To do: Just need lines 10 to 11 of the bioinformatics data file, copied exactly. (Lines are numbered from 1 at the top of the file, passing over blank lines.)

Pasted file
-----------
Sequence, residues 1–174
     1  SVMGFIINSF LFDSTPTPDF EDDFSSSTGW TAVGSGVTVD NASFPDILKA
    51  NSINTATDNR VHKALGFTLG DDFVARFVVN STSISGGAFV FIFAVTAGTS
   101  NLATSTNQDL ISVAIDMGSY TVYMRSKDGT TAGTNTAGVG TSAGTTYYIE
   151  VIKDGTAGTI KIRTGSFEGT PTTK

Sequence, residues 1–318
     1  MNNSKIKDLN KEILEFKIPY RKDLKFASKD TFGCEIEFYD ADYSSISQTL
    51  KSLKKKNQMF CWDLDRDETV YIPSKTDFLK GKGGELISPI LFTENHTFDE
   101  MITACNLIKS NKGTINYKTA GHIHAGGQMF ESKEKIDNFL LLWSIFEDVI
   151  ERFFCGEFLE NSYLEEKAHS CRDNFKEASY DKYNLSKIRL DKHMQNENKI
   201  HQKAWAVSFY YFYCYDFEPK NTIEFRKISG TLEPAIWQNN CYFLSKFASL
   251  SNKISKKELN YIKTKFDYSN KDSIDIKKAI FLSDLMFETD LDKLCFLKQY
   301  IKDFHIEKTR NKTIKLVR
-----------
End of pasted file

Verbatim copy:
   151  ERFFCGEFLE NSYLEEKAHS CRDNFKEASY DKYNLSKIRL DKHMQNENKI
   201  HQKAWAVSFY YFYCYDFEPK NTIEFRKISG TLEPAIWQNN CYFLSKFASL